What is Electorate definition/concept/elaboration
The electorate is a group of citizens who have the right to participate in a vote to choose their political representatives. Each country has its own legislation regarding the minimum age required to exercise the right to vote (in most cases this minimum is 18 years). Legal age is not the only requirement to be part of the electorate, as a person may be unable to vote for various reasons: for a fundamental administrative error, for being declared incapable before the court due to his mental state or for being declared rebellious for criminal case.
Another aspect that must be taken into account in relation to the electorate is the fact that some nations have an obligation to vote, except for some very specific and justified exceptions.
General considerations about the electorate
As a general rule, every citizen is a voter as long as he is properly regularized. Spain currently has a population of over 47 million inhabitants and its electorate is approximately 36 million; this means that voters represent something more than 75% of the total population.
The various political parties and media communication promote sociological studies to meet the concerns and interests of the electorate. The data obtained can be relevant for preparing the policy strategy. This type of study is part of electoral sociology.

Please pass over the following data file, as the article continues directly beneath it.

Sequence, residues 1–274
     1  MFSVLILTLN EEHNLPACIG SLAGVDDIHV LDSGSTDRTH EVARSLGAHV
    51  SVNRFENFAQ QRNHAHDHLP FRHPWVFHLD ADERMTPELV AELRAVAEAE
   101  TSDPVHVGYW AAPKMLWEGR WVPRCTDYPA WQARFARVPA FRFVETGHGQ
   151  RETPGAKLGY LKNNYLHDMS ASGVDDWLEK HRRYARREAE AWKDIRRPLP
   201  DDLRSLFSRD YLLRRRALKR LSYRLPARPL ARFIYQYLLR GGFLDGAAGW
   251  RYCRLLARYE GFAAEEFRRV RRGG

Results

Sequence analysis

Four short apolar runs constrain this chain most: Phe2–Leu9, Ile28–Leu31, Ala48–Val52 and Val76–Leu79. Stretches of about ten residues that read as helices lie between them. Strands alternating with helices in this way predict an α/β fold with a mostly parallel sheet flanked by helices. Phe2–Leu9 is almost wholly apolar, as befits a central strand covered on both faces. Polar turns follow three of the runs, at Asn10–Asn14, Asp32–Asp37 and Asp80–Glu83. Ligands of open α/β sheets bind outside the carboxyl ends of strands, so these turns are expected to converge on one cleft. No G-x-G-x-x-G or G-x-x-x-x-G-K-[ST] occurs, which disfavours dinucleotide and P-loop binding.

One of the most widespread political problems is the lack of interest from a sector of the electorate.
This situation highlights the abstention rates in elections. In order to try to animate those who are not interested in voting, what we are trying to do is to mobilize the electorate through strategies with social networks and create other mechanisms for participation .
In journalism , some expressions are used to refer to this sector of society : “The electorate punishes the left” or “There is a distance between the electorate and the politicians”.
Election campaigns promote polls and there is a very important data to be highlighted: the percentage of people undecided when voting for one party or another. Political parties know that it is important to address this sector of the electorate, as the final decision of an election may depend on those undecided so far.